I didn’t get a lot of shop time this week. Just too busy with the everyday stuff that we all have to deal with. I did manage to glue and peg the two arched aprons to their corresponding shelves though.
I also added grooves to the sides, bottom rear apron and the upper shelf of the drawer bank that will house a panel to close off the back of the drawer back. The grooves in the apron and shelf were completed with my plow plane, but the grooves in the sides had to be done with a chisel since they were both of the stopped variety. I also added the decorative cuts to the foot of each side. Sorry no pics. You’ll just have to take my word for it.
This morning I woke up and put my big-boy pants on in preparation for the eight large holes that I needed to bore to create the decorative elements on the side panels. For a little background on that you can take a look at this post.
This decorative element is just four intersecting circles built around a central circle of the same diameter and the layout is pretty simple. First establish the center circle with lines radiating vertical and horizontal, set a pair of dividers to the required radius then strike the center circle. Then, without altering the dividers, strike four additional circles centered on where the center circle intersects the horizontal and vertical lines.
I then brought out the brace and set the expansion bit the same radius as the dividers. I then clamped one of the sides into the vise along with a backer board. Next I set the bit at the center of the center circle and bored in just deep enough for the spur of the expansion bit to incise the outline of the center circle. Then I cinched up my big-boy pants and started on the first of the eight holes.
On an earlier test piece I had discovered that it was far better to work on all four holes at once than to bore one entirely through before moving on to the next one. This goes a long way in minimizing the chances of blowout where the holes intersect each other.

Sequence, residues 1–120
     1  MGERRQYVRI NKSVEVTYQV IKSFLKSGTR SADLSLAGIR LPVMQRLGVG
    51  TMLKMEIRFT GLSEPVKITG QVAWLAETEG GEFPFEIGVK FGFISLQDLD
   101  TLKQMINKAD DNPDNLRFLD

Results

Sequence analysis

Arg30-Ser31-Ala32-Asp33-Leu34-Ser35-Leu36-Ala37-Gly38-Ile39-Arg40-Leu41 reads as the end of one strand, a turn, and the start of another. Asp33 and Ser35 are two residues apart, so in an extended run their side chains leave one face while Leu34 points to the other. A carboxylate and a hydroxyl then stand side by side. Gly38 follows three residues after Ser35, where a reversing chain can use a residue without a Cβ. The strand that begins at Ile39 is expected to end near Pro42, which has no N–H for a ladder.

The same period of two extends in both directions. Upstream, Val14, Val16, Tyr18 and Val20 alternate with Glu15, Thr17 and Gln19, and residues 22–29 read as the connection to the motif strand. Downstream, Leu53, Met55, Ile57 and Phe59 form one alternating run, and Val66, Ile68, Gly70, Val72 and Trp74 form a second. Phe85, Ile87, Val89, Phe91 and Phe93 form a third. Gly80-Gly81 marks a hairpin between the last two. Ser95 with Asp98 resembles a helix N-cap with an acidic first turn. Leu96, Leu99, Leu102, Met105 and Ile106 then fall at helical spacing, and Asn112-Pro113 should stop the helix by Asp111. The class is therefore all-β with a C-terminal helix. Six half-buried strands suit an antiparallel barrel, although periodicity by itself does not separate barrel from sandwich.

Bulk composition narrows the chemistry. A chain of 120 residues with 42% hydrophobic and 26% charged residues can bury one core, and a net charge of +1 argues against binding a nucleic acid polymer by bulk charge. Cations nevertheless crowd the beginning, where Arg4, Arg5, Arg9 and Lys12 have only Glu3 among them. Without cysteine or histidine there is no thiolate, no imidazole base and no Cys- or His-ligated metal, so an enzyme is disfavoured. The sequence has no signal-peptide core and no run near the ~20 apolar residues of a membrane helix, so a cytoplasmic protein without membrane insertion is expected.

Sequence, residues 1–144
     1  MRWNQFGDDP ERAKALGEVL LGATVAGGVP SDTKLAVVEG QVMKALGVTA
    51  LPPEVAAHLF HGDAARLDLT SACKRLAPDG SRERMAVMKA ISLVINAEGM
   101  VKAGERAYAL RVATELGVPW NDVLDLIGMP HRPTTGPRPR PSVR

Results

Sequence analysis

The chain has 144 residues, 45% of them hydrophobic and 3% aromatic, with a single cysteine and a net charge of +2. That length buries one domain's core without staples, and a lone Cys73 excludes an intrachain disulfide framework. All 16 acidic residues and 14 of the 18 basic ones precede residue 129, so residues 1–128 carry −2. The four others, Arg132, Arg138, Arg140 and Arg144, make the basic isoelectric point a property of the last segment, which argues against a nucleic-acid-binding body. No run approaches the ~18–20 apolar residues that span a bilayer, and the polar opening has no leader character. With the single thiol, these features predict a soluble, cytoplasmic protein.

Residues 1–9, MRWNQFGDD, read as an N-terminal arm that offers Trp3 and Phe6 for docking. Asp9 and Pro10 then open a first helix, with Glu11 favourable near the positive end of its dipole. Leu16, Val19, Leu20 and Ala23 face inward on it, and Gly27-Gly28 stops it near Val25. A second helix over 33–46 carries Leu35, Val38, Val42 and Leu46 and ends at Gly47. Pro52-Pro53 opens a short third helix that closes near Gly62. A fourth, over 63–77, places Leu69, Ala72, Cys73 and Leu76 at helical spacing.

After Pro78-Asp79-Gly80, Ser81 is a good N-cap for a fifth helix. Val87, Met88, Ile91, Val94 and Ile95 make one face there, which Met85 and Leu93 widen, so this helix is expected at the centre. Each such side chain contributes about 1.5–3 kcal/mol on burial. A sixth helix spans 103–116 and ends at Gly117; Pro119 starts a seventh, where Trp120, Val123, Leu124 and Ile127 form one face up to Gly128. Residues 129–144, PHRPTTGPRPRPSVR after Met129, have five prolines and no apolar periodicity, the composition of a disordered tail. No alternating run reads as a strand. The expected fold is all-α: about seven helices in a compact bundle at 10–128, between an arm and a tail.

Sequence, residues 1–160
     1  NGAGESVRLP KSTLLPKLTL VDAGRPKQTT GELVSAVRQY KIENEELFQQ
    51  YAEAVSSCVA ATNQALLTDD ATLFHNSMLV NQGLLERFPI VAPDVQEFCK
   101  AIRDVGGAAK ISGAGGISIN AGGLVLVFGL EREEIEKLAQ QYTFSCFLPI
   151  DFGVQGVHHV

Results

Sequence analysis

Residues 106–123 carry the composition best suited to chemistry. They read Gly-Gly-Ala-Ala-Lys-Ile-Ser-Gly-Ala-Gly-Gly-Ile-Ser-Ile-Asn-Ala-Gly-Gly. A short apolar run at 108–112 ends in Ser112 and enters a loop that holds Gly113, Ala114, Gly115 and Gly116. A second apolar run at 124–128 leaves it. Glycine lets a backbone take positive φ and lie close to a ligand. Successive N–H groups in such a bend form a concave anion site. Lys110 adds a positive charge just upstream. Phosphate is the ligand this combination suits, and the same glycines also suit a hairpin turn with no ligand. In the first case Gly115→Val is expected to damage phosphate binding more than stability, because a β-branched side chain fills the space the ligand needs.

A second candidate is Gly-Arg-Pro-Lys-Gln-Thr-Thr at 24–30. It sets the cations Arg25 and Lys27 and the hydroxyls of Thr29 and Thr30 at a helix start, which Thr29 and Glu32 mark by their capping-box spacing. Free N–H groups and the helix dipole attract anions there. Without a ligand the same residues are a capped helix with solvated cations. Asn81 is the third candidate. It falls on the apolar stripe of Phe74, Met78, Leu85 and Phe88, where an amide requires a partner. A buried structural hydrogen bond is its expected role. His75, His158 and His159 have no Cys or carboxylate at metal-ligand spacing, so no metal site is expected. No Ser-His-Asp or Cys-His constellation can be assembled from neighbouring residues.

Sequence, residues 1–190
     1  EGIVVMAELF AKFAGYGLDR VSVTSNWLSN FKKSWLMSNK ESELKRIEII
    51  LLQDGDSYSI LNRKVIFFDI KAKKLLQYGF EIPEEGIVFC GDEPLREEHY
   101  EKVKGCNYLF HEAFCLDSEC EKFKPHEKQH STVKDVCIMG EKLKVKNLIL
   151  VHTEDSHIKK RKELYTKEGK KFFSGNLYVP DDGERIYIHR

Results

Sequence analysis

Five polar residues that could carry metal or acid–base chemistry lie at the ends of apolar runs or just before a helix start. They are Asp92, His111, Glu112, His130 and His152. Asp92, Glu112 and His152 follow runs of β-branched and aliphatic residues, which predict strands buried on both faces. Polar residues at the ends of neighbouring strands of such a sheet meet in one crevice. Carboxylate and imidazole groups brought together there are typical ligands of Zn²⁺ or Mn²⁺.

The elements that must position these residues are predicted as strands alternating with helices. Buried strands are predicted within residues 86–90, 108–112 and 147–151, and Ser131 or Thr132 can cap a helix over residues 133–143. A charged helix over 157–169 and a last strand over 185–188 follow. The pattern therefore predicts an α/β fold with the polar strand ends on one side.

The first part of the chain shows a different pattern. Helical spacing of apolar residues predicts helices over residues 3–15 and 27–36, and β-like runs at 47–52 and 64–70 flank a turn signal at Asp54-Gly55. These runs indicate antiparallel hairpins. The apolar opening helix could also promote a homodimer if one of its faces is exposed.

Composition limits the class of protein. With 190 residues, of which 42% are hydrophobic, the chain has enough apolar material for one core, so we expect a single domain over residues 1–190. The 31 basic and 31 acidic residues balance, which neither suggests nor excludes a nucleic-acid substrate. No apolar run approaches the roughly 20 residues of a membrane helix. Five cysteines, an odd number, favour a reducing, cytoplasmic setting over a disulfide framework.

Once all four holes were half way through I flipped the board over and started on the reverse side.
The one downside to working on all four holes at once is that the waste area starts to get weak. So I had to stop short of boring all the way through.
I finished off removing the waste with a keyhole saw and a light touch. As long as I didn’t try to steer the saw, it would track along the established wall of the hole and free the reaming waste.
With the hard part out of the way (it really wasn’t as much work as I had feared), all that was left was a little claenup with a rasp an chisel. With that bit done I was left with this:
I could have stopped there, but the design looked a little flat and the hard edges were not adding anything either. I had planned from the start to add a cove detail to this design so that is what I tackled next.
I set my compass at 10mm and set out an offset around the design.
Then I grabbed my gouge and mallet and began carving in the cove. Grain direction dictates all for this type of work and I manged to not split out anything that I wasn’t supposed to.
A little sanding, t0 clean up any inconsistencies, and I was done. To clarify, I did both sides of each.
To finish off my time in the shop today I knocked out a raised panel for the back of the drawer bank. Nothing fancy, just a piece of pine sized to fit. Then the edges beveled on both faces until it would slide into the established grooves.
Finally a shot of the end of the bookcase showing the decorative elements that I added. The foot details will receive the same cove detail as described above. I add that once the case is assembled and the lower aprons are installed.
Tomorrow I’ll give all of the parts a final cleanup and glue and peg this thing together.